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Discussion Event Systems vs. Singletons: Am I Doing It Right?

Discussion in 'Editor & General Support' started by plattylynx, May 21, 2024.

  1. plattylynx

    plattylynx

    Joined:
    Nov 20, 2023
    Posts:
    16
    Hello game developers!

    I have a semi-question semi-discussion about Event Systems and Singletons in Unity. I'm currently developing a 2D tile-based colony simulation game. Players will manage a colony of civilians, build their base in the tile grid, manage a farm, etc. It will be similar in genre to games like RimWorld and Dwarf Fortress.

    I can't shake the feeling that I am doing something wrong when it comes to my development style, and that I'm making things difficult for myself. I'll post the way I'm doing things, and if any of what I am doing is wrong or has a better solution, I'd love to hear it. Any resources would be super helpful!

    I currently have five managers that manage different aspects of the game: Saving, the map and tiles, jobs ('tasks'), backing out of menus, and managing the repository of tiles. Each has a customized script to manage its function.

    In the game, the player will be able to place an order to build an object, like a wall or a floor. This means this information needs to be given by the player, then it is processed into a visual on the tilemap, and as information to the AI civilians to build it. A screenshot is attached of the BuildOrderManager script.

    BuildOrderManager.png

    It holds an order map, so that the game can visually display the order on the tilemap. It has a real map, so that when the order is finished being constructed, the real physical tilemap can be updated. It has a togglegroup, so that clicks can only occur when the toggle is enabled (i.e., the button on the UI is pressed and build mode is enabled). It has a tabgroup, a list of buttons to change what tile order to build. It has a JobManager, which feeds the information to the jobs so that the AI knows where and what to build and adds it to a queue to build. Finally, there is a list of tile information on how different tiles should behave (WoodWall, DirtFloor, RustedWall....).

    This feels like a singleton workflow and I fear it may lead to hardship later down the line. However, I'm unsure of how to implement an Event System. Would placing each tile be a unique event, and then for each event made it adds it to the job queue which is a listener of the Event System? I have another script that handles backing out of menus, such that pressing Escape will back the user out or deselect something the same as pressing the back button. Would pressing Escape be another event, with a manager listening and handling the queue of what to back out of (such that only the latest entry is backed out of, not all menus)?

    I feel like my current direction is not good and is beginning to be difficult to work with. If I wanted a total overhaul, how might an example implementation work? I've seen videos on Event Systems (namely GameDevGuide's video), but I couldn't really figure out how to use it and what should be considered an event. Is everything an event? And, wouldn't there still be managers anyway?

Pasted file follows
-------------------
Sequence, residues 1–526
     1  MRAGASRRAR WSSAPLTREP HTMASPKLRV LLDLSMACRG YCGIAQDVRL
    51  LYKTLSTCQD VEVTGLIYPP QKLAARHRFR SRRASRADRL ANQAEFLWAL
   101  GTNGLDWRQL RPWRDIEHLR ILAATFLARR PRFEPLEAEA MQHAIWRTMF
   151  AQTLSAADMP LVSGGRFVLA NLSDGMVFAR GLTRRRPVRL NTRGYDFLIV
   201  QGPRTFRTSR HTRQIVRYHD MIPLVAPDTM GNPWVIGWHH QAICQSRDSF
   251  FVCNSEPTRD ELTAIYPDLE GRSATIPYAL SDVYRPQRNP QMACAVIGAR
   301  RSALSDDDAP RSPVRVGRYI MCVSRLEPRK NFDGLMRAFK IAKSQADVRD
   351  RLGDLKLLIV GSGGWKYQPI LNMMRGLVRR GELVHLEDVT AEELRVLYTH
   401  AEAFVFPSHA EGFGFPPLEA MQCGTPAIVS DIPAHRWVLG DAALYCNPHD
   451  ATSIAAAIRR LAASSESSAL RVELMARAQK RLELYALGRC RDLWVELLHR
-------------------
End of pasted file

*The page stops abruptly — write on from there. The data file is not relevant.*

I've attached additional screenshots of some other managers I have in the game. Is this good workflow? Will this cause headaches later? How are Event Systems implemented?

    Thanks you guys!!

    Here's the JobManager script, which manages a couple example jobs (DoConstruct, and DoWander). It needs a survivor, the order manager, the tilemap, etc. Here's the script:
    Code (CSharp):
    1. public class JobManager : MonoBehaviour
    2. {
    3.     public List<BuildOrderTile> BuildOrderTiles;
    4.  
    5.     public Transform jobTarget;
    6.  
    7.     public SurvivorAI survivor;
    8.  
    9.     public BuildOrderManager orderManager;
    10.  
    11.     public Tilemap map;
    12.  
    13.     public bool jobsEmpty = false;
    14.  
    15.     public bool isWorking = false;
    16.  
    17.     public bool isWandering = false;
    18.  
    19.     private void Start()
    20.     {
    21.         BuildOrderTiles = new List<BuildOrderTile>();
    22.     }
    23.  
    24.  
    25.     public IEnumerator DoConstruct()
    26.     {
    27.         isWorking = true;
    28.         foreach(BuildOrderTile tile in BuildOrderTiles.ToList())
    29.         {  
    30.             //Get the transform of the tile
    31.  
    32.             jobTarget.transform.position = map.GetCellCenterWorld(tile.thisTilePosition);
    33.  
    34.             survivor.target = jobTarget;
    35.  
    36.             yield return new WaitForSeconds(0.5f);
    37.  
    38.             //While the distance between the survivor and this tile is too high, wait for the survivor to get there. This means DoConstruct will need to be a coroutine.
    39.  
    40.             while(!survivor.reachedEndOfPath)
    41.             {
    42.                 yield return new WaitForSeconds(0.25f);
    43.             }
    44.  
    45.             //Clear the survivor's target; reached destination
    46.             //survivor.target = null;
    47.  
    48.             //When the distance is close enough and construction is not finished, begin construction of the tile. While the survivor is nearby, add, idk 1% progress every tenth of a second